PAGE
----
For those of us soaked in endless rain showers, here's a quick reminder of clearer days. "Clear Day" was filmed on a bicycle by Jon Whitney in May of 2003. The song can be found on Ulrich's second full-length album, A Strangely Isolated Place, due for release next week on City Centre Offices in Germany.
Months of wrestling with a DVD player which didn't initially read this disc has finally paid off and the results were well worth all the fuss. The first DVD to surface from Cabaret Voltaire takes two aural/visual snapshots of only slightly different periods in their evolution, recorded live in Manchester's infamous club.
The biggest self-centered dirtbags always gain the most sympathy from an aduience when the story is narrative from their point of view. Such is the case of Hlynur, a young man around 30, living with mom in a tiny apartment, looking like an adult version of Max Fischer from 'Rushmore,' who rarely ventures outside the postal code of 101 Reykjavik and has absolutely no ambition to get a job and make something of himself. "We're dead after we die, we're dead before we're born, life is just a break from death," he claims, as the film centers around this young man's life who feels everybody dies every weekend after the parties are over. We often find Hylnur alone, falling asleep in the snow, almost longing for a death which never comes. Hylnur has a number of issues including pent-up aggression towards his family coupled with sexual/attachment issues that keeps him from sleeping next to a girl he's just fucked. All this changes when he seems to fall in love with his mom's new lover, a gorgeous Flamenco dance instructor from Spain. Basically while mom's dealing with the issues of coming out, Hlynur's dealing with issues of having sex with her new "lesbian" girlfriend. Toss in a psycho fling who's completely obsessed with Hlynar to the point of lying about a pregnancy and a bunch of drunken party scenes and you've got a marvelously entertaining comedy with a ton of really great, punchy lines from first time filmmaker Baltasar Kormákur Baltasarsson. My favorite scene has got to be the kids shooting fireworks at the Domino's delivery guy—easily one of the funniest scenes I've seen in a long while! Two years after its release, it's finally making some rounds in North America, best of luck trying to see it.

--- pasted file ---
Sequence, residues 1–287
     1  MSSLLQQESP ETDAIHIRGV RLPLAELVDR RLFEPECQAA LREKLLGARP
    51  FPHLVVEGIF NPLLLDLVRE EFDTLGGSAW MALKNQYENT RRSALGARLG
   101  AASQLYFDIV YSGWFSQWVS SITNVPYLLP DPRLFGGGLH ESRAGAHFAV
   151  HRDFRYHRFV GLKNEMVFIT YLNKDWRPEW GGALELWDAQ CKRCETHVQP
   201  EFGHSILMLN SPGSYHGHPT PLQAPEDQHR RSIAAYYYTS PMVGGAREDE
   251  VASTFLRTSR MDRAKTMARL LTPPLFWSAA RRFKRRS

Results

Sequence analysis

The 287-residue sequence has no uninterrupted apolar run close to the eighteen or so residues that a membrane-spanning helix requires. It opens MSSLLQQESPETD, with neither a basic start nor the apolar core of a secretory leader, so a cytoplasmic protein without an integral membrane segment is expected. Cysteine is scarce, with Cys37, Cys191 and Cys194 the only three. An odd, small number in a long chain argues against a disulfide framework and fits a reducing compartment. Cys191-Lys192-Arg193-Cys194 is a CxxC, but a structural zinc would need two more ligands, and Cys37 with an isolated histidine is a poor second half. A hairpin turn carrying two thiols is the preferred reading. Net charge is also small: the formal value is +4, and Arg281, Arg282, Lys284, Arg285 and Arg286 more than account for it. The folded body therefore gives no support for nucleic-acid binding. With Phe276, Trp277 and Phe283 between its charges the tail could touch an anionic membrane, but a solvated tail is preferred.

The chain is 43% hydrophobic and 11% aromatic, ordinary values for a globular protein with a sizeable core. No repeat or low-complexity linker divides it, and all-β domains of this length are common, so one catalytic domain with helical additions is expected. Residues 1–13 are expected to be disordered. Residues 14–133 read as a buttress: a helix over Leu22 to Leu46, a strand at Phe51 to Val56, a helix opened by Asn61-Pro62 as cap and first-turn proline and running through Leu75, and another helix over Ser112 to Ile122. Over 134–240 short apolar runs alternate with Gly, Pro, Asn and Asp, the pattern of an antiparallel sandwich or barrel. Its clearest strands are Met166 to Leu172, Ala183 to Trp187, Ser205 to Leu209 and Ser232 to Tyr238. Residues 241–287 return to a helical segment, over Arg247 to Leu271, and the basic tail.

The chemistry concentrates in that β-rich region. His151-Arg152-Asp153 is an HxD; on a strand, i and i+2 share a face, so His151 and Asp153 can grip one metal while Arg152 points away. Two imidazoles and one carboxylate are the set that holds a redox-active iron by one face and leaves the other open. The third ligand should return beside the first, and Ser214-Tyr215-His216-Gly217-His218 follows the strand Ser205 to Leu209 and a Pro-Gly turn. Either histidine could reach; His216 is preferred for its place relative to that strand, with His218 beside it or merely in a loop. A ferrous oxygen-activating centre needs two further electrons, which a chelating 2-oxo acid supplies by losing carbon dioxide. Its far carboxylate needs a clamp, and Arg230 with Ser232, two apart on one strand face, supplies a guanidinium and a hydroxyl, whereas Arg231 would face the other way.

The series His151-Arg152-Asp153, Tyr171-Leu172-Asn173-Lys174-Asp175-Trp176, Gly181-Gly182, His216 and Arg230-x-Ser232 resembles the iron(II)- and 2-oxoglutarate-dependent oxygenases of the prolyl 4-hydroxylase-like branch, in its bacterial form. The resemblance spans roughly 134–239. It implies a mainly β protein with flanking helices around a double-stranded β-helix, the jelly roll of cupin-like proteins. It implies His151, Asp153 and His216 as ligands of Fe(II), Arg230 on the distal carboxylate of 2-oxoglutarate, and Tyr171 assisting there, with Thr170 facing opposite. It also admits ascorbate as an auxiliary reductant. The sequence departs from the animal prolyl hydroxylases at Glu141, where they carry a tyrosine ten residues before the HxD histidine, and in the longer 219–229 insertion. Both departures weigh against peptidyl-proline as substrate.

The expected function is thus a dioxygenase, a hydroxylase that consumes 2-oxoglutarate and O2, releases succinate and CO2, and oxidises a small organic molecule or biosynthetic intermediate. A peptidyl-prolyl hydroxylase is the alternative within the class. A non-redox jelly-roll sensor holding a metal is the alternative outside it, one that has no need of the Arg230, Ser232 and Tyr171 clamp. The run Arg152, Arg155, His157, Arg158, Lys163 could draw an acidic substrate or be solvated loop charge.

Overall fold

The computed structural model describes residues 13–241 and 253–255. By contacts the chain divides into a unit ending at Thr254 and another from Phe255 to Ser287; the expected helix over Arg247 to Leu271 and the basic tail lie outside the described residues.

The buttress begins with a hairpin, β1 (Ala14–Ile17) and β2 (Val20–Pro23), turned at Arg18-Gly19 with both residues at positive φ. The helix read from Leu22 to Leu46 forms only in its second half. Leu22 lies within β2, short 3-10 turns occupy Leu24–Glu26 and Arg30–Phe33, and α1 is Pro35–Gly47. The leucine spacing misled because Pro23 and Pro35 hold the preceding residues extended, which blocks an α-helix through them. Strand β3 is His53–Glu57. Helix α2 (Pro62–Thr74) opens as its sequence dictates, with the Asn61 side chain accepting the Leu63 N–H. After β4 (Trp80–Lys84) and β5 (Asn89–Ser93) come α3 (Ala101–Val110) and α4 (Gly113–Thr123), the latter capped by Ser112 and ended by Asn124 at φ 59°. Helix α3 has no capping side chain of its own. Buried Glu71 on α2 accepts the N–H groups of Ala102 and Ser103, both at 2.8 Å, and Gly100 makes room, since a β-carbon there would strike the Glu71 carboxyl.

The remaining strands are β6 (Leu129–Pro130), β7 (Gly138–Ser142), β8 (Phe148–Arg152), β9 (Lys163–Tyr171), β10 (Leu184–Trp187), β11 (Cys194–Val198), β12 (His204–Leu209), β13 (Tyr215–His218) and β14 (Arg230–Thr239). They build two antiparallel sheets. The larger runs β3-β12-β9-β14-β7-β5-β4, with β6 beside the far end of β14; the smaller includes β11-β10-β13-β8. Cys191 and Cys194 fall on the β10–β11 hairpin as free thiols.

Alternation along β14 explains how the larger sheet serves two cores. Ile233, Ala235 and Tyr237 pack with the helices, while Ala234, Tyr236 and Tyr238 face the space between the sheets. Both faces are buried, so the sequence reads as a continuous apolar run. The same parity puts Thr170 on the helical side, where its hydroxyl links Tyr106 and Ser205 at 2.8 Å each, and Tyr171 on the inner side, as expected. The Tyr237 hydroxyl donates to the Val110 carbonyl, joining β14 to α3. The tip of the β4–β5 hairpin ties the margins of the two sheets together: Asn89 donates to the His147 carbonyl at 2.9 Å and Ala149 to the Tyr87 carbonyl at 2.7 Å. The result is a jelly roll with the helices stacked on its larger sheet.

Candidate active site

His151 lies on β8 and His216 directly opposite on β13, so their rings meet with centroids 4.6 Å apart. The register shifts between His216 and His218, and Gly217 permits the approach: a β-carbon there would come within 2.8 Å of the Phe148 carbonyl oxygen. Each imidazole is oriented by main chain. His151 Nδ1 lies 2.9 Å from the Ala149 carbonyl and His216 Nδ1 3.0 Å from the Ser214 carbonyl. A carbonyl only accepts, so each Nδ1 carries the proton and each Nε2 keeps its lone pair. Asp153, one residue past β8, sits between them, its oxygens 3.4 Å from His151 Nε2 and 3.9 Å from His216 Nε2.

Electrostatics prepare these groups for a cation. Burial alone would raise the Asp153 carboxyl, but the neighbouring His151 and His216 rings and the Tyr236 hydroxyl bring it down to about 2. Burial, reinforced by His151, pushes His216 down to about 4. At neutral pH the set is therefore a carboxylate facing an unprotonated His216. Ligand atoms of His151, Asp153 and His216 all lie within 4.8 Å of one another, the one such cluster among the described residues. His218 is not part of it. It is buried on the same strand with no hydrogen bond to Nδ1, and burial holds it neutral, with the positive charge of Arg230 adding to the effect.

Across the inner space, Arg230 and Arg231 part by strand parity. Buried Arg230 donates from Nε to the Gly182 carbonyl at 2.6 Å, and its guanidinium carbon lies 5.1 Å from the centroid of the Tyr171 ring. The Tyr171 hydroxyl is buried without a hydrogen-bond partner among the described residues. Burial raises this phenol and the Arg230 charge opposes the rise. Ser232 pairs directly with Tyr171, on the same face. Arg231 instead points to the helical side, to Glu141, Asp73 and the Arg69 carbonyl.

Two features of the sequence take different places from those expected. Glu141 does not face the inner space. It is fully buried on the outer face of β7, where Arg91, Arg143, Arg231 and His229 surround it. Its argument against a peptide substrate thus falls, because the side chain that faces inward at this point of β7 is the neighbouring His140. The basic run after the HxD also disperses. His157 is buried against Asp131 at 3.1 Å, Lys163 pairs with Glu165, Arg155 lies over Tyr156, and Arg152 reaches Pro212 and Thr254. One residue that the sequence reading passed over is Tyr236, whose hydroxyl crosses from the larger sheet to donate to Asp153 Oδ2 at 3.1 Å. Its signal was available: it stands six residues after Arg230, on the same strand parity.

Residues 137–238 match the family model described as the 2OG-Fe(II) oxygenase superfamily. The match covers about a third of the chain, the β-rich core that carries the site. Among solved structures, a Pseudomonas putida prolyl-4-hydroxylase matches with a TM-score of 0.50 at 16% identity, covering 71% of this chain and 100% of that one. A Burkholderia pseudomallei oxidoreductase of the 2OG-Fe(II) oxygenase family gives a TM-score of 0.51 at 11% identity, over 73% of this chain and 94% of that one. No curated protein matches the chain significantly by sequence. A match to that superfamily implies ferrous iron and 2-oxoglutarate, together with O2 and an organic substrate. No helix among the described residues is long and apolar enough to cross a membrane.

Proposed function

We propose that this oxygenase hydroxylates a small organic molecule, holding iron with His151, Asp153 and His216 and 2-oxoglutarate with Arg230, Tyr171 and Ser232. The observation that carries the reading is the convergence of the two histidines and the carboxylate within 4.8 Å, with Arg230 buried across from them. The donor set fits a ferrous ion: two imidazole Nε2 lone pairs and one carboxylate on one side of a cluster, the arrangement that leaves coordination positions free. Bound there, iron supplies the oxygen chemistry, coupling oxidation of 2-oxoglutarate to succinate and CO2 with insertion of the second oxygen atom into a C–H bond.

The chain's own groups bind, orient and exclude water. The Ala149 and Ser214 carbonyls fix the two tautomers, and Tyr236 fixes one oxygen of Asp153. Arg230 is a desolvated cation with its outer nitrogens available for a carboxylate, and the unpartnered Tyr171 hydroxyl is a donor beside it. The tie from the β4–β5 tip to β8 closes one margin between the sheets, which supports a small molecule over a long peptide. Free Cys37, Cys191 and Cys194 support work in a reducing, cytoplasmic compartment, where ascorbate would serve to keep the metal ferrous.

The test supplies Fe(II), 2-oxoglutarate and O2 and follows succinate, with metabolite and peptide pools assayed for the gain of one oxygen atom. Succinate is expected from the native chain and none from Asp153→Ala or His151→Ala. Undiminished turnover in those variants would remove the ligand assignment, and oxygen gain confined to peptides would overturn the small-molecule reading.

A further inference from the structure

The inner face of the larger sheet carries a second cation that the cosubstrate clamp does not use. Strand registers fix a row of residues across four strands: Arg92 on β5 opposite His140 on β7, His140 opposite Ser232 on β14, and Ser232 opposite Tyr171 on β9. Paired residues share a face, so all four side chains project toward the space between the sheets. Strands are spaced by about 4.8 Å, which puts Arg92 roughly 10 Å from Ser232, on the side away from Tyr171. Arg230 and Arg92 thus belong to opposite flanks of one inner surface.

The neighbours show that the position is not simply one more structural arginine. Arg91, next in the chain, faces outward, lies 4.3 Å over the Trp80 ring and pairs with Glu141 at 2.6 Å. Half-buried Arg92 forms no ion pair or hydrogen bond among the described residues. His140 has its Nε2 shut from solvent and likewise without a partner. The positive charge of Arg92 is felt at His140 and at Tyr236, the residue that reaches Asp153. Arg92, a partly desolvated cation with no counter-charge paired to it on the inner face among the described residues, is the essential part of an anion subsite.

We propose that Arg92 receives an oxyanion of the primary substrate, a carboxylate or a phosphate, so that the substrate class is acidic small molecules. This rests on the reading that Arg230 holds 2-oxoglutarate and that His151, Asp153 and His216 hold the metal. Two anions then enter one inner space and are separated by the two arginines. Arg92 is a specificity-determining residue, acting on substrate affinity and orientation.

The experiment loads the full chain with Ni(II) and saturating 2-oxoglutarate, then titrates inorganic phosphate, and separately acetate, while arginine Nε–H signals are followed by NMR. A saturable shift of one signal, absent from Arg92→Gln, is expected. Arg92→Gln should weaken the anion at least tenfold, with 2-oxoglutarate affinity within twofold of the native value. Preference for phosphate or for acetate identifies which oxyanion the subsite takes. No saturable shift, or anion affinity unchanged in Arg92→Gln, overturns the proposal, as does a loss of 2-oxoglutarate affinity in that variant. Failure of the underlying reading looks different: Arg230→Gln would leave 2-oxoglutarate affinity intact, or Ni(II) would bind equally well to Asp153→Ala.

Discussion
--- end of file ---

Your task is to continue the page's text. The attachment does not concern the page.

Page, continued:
Tovey could very well possibly be one of the most important pioneers in post-punk electronic synth music. While he may have not sold as many units as label mates Depeche Mode or contemporaries like Human League or OMD who had to change their sound to top charts, he was demonstrating that synth music didn't always have to be happy pop anthems and love songs. Unlike Gary Numan or Kraftwerk, he didn't paranoiacally or idealistically fanticize a future world ruled by robots and computers, which has completely worked to his advantage, giving his songs an amazing timeless feel. While his tunes were undoubtedly catchy, futuristic pop anthems with sinister lyrics, his live performances were raw and vicious, often ending with large amounts of blood loss and paramedic assistance.In a time where Fischerspooner can sign a ?2M recording deal, Tovey was poised for a strong comeback—he had been recording new material and played a number of shows in the UK and Europe. Unfortunately, the exponentially growing scene of these modern groups may never truly understand how much they really owe to Tovey. There's a nice picture accompanying a short obituary at mute.com as well as some recent live pictures at the French web site, fadgadget.free.fr. He will be missed. -